Kidnapping of 300 Girls Could Be End of Boko Haram, Says Non-Profit Leader in Nigeria

Nigeria demonstrations
A woman takes part in a protest for the release of the abducted school girls in the village of Chibok in Nigeria during a sit-in protest at the Unity fountain in Abuja, May 12, 2014. |
Nigeria demonstrations
One of the daily peaceful #BringBackOurGirls assemblies that meet in Abuja, Nigeria to advocate for the safe return of the kidnapped girls, May 2014. |

The Rev. Kristopher Keating, executive director at World Horizons USA, a Christian non-profit organization working in more than 30 countries, said the recent abduction of 300 girls from a school in Nigeria and resulting international uproar could be the end of Boko Haram in the country. Keating is in Nigeria this week to pray and stand in solidarity with those affected by the kidnapping and other acts of terrorism involving young children.

"People are hungry to know that their suffering here is not going unnoticed, that reports of this particular instance of large scale abduction are, for seemingly the first time in this country, causing people to take to demonstration and public outcry against Boko Haram," Keating told The Christian Post on Monday evening. "This could be a catalyzing event that breaks Boko Haram in Nigeria."

Some of the Nigerian girls who managed to escape after armed men from the Islamist terrorist group Boko Haram kidnapped them last month shared their stories, while the governor of the state where the incident took place says more than 200 girls still captive have been sighted.

Nigeria demonstrations
Rev. Kristopher Keating, executive director at World Horizons, a Christian non-profit organization is in Nigeria this week to pray with and stand in solidarity with those affected by the recent abduction of 300 girls from a school and other acts of terrorism involving young children. He spoke at this church in the Federal Capital Territory of Abuja, May 2014. |

On the night of April 14-15, the gunmen commanded the hundreds of students at the Government Girls Secondary School in the town of Chibok in eastern Borno State to gather outside, and then they went into a storeroom and took all the food.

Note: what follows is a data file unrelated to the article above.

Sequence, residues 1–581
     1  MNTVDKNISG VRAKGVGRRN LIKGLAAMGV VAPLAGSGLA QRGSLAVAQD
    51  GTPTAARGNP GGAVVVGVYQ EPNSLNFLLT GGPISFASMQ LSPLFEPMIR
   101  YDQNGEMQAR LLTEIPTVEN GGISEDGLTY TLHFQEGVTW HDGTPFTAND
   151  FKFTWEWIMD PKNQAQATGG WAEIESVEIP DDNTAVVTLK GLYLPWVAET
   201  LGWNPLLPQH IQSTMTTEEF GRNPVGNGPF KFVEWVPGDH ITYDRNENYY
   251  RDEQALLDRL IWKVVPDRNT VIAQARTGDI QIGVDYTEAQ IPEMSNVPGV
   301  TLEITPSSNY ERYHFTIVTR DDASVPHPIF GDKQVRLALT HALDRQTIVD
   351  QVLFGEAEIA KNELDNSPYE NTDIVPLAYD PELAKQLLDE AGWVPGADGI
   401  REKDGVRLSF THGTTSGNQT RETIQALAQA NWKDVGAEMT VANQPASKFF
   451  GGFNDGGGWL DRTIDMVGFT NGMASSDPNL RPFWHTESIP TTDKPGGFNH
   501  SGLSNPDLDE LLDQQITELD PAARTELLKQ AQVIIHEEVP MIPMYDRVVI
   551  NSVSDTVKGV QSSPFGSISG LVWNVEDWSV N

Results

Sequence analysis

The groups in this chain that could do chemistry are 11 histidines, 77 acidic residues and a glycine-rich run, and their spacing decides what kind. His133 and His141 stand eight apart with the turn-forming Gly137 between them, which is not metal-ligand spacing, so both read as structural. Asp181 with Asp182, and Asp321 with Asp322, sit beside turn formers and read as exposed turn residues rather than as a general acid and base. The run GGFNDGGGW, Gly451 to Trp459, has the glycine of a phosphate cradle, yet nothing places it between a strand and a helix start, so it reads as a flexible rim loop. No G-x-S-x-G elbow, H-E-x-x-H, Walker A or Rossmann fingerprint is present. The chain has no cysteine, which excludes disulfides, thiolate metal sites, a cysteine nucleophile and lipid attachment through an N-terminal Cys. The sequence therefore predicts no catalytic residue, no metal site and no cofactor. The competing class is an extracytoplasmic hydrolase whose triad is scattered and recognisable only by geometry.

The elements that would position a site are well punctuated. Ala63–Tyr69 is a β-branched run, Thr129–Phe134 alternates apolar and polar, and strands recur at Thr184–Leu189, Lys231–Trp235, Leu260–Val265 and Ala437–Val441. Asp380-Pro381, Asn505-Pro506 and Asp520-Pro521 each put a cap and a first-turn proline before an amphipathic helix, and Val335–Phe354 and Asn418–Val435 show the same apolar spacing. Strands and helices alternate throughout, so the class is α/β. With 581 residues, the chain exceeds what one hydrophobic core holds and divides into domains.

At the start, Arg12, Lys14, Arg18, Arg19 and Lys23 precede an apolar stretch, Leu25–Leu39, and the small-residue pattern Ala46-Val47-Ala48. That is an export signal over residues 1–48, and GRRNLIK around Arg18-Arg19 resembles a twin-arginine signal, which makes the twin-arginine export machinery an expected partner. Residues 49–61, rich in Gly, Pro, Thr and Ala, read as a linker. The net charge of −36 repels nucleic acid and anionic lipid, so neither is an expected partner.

Keating, 37, told CP that he was not able to travel to the state of Borno, and has spent the past few days in the Federal Capital Territory of Abuja. He has been meeting with and speaking at churches and gatherings, including at #BringBackOurGirls movement events, as an invited speaker.

"I have not been able to travel to Borno state because travel there is restricted and difficult," Keating said. "However, it seems that this is where I needed to be. I have been very well received by the Christian community, the #BringBackOurGirls movement, and others in the wider community residing in Abuja."

He said he was invited to lead prayer and speak at a large church in Abuja whose members are largely from the Borno/Chibok area. Many of those members are family of missing girls, he said.

He has also been invited to join the #BringBackOurGirls movement people as they march on Tuesday, 3 pm, Abuja time and bring their concerns about Boko Haram and the missing girls to the Governor of Borno, who will be in Abuja. He said the number of people that are joining the daily gatherings is growing.

"I have been compelled, by love, to act for the benefit of those young women who have been kidnapped," said Keating, according to a statement from World Horizons released Monday. "I see an urgent need to respond by standing in solidarity with the families of the missing women, while praying for their rescue and safe return.

"Our faith in Christ must produce love. In this case, love demands rescue. It is important to understand that this is not a new problem in Nigeria. Boko Haram has perpetrated unjust violence in the area for too long."

The purpose of Keating's trip is to meet with and encourage members of the Nigerian community including government officials, faith leaders and the families of the missing girls, officials with the group state. He plans to pray with family members for the release of their daughters.

"We expect that this peaceful prayer and dialogue event will produce increased awareness and positive engagement toward the development of coordinated rescue plans for the missing girls," World Horizons states. "This response is not only about those kidnapped from Chibok last month but also the existence of terrorism that has prevailed for too long in surrounding regions."

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